Most likely you already know, that futures contracts trading is possible without physical delivery of the traded asset and profit/loss is settled directly in cash between parties (explained here: What is a futures contract?).
In case of Bitcoin and other cryptocurrencies, the ability to trade them versus fiat currencies without the need to interact with fiat itself can be beneficial for a lot of market participants. Exchanges could avoid excessive regulation by doing away with fiat, and traders still can get exposure to crypto vs fiat trading pairs without making fiat deposits.
The standard Bitcoin futures market would treat Bitcoin as a commodity itself, and the profit/loss would be settled in conventional currencies. For example, one contract could represent 1 BTC and would be settled in USD, so the traded pair would be BTC/USD. Now imagine if we swap BTC and USD places in such contracts. This gives us the ability to treat USD as a regular commodity just like any other asset in conventional futures markets and settle profit/loss in BTC. In this example, one contract could represent a standard size of, let’s say, $5,000 and the price would be quoted in BTC, which at the time of writing would be 0.66 BTC per $5,000 ($7,500 per BTC on 04.06.2018).
The approach mentioned above is still your standard direct futures contract, just with trading pair swapped around. It also proved to be highly confusing for most of the traders, which are used to see price quotes as USD per BTC and not the other way around. In such market, to go long on Bitcoin one would have to go short on USD/BTC pair and vice versa.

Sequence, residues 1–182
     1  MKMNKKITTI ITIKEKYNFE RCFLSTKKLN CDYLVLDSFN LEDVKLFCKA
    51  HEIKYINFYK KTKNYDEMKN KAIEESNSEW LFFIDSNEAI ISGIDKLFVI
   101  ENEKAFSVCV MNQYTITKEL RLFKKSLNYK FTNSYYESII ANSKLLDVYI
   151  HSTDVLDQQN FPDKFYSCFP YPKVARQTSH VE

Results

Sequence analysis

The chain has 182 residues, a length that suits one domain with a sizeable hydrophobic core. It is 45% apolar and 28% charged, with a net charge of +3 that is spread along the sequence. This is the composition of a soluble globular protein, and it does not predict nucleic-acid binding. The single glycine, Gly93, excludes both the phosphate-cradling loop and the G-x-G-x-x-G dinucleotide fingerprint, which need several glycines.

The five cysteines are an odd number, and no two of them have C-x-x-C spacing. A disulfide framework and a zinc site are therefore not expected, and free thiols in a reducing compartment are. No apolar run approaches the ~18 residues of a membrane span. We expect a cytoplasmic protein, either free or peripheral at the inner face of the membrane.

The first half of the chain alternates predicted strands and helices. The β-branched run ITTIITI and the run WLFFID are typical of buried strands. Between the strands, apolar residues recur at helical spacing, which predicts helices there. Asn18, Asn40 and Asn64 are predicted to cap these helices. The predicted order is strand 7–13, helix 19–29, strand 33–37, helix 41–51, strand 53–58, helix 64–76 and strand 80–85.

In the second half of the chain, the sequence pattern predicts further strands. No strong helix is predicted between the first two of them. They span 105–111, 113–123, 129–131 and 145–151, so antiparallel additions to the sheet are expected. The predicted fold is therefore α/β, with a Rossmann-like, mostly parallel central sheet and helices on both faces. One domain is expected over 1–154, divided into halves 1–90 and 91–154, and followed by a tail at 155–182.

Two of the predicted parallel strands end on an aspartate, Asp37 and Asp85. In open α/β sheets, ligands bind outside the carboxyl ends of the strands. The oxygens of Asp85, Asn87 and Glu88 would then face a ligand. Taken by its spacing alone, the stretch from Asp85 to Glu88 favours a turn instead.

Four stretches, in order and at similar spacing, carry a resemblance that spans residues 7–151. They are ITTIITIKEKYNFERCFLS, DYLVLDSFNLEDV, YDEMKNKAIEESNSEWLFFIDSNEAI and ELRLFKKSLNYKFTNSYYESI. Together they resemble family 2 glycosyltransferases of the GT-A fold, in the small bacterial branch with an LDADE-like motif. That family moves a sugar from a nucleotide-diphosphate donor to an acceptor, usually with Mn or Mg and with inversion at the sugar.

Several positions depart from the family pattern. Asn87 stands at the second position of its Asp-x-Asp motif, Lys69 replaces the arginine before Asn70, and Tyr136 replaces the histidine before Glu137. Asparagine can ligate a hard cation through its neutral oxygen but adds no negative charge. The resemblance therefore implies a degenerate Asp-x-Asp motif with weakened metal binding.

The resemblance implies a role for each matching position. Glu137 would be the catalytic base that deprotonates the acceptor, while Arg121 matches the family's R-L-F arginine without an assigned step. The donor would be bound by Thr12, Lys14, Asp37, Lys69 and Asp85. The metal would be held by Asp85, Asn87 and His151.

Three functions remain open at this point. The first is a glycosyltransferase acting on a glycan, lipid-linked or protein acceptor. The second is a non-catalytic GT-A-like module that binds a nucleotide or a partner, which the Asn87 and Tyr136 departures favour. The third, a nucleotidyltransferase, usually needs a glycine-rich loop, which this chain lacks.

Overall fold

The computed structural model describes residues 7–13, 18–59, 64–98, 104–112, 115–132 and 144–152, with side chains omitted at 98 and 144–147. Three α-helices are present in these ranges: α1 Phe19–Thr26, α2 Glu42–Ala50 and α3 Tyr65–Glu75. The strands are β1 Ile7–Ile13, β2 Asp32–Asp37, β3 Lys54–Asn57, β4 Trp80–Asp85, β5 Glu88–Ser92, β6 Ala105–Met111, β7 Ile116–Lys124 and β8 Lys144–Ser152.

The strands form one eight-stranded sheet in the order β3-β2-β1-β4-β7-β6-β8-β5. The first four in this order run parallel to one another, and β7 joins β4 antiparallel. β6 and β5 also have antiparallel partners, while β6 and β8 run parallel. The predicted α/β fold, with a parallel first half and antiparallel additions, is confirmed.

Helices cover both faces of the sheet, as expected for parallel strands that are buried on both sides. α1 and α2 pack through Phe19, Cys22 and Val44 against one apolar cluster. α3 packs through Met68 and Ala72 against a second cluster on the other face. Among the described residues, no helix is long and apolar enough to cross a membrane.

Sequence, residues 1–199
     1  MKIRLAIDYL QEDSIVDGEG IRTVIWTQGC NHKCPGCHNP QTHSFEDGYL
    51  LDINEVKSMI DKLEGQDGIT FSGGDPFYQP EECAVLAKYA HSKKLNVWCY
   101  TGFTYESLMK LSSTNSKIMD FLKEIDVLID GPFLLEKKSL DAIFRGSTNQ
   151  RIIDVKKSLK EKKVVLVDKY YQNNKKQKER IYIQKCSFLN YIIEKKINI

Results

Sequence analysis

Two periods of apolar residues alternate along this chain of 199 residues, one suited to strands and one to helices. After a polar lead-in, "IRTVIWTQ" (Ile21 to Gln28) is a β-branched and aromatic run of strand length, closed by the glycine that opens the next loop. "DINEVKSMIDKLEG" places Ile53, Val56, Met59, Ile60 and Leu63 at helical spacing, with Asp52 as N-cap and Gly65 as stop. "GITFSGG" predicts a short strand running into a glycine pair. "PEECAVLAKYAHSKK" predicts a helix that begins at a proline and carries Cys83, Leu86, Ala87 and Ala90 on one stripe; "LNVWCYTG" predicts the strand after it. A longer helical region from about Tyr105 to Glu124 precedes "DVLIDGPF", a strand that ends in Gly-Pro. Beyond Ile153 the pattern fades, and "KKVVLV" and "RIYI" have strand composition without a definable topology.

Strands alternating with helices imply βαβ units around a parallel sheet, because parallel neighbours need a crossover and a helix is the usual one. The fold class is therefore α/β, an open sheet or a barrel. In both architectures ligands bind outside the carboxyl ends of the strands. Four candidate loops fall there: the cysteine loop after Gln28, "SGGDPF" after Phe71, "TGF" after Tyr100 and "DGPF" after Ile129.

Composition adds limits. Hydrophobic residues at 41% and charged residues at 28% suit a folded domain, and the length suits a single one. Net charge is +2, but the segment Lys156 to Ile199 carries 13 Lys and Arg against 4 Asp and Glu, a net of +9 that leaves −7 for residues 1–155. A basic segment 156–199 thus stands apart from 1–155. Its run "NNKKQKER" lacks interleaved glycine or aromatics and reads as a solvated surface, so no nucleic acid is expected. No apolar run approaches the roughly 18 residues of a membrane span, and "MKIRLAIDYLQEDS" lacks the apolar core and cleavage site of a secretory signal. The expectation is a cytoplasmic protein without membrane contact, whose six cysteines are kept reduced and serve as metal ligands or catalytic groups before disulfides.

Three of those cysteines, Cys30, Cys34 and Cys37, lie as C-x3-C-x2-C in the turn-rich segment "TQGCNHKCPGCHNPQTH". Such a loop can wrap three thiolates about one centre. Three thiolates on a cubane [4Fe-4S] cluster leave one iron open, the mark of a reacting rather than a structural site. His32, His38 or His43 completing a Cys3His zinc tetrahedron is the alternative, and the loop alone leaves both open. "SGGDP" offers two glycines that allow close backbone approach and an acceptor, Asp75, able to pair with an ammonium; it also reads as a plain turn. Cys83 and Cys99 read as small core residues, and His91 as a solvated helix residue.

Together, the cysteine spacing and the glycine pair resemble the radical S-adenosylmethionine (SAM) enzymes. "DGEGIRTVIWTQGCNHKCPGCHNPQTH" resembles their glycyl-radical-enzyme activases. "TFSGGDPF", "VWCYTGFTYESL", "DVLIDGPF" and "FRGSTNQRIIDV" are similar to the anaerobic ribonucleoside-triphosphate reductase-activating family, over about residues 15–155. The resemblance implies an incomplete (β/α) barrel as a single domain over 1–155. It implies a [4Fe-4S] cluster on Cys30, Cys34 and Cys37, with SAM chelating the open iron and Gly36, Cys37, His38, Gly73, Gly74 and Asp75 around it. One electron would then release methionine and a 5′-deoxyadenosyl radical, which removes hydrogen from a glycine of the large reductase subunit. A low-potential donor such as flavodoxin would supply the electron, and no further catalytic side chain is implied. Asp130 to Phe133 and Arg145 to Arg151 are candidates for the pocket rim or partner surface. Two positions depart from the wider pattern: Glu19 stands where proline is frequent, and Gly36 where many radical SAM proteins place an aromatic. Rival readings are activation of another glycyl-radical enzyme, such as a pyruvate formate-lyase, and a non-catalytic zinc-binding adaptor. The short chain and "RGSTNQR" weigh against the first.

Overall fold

To understand how we get from the example above to inverse futures contract, let’s first take a look how to calculate a profit in a standard direct futures contract with settlement in USD.
Suppose one contract is worth 1 BTC and you enter a long position at $10,000 with five contracts ($50,000 in total). The price moves in your direction, and you close the trade at $11,000. Your profit is calculated like this:
Profit = (Pclose – Popen)*Ncontracts
where Popen is the price at which you opened, Pclose is the price at which you closed (both prices quoted as BTC/USD), and Ncontracts is the number of contracts you have. Simply put, it’s just difference between close and open price times number of contracts. So in this example, you stand to make $5,000 (fees are neglected for the sake of experiment).
Now here comes the magic. We take that standard formula for the regular futures and apply it to the inverted USD/BTC pair, where the USD is an asset traded, and contracts are settled in BTC. As you remember, in this case, to go long on BTC you would need to go short on USD/BTC. To do away with this confusion, we apply an inverse sign to the calculation of profit:
Profit = -(Pclose – Popen)*Ncontracts
Now the trader doesn’t need to go short on USD/BTC pair if he wants to long BTC vs USD and the price can be quoted as BTC/USD.
But this isn’t all. Remember that the price in the original formula is quoted as BTC/USD but in reality we now trade USD/BTC. We need to quote prices as BTC per USD inside the calculations. To do that, we take the reciprocal (invert upside-down) of the price quotations, which will tell us how much is one dollar worth in terms of BTC.
The final formula will look like this:
Profit = -(1/Pclose – 1/Popen)*Ncontracts
Such approach now lets us trade USD as a standard commodity in regular futures markets without ever delivering it and settle the contracts in BTC, but the quotation of the price and opening long and short positions can be made just as in the spot BTC/USD pair.
Such profit/loss calculations introduce a non-linear payout curve to inverse futures contracts. Explained here: Understanding non-linear nature of inverse futures
Inverse futures contracts were devised by Aleksey V. Bragin of Moscow State Technical University in 2011.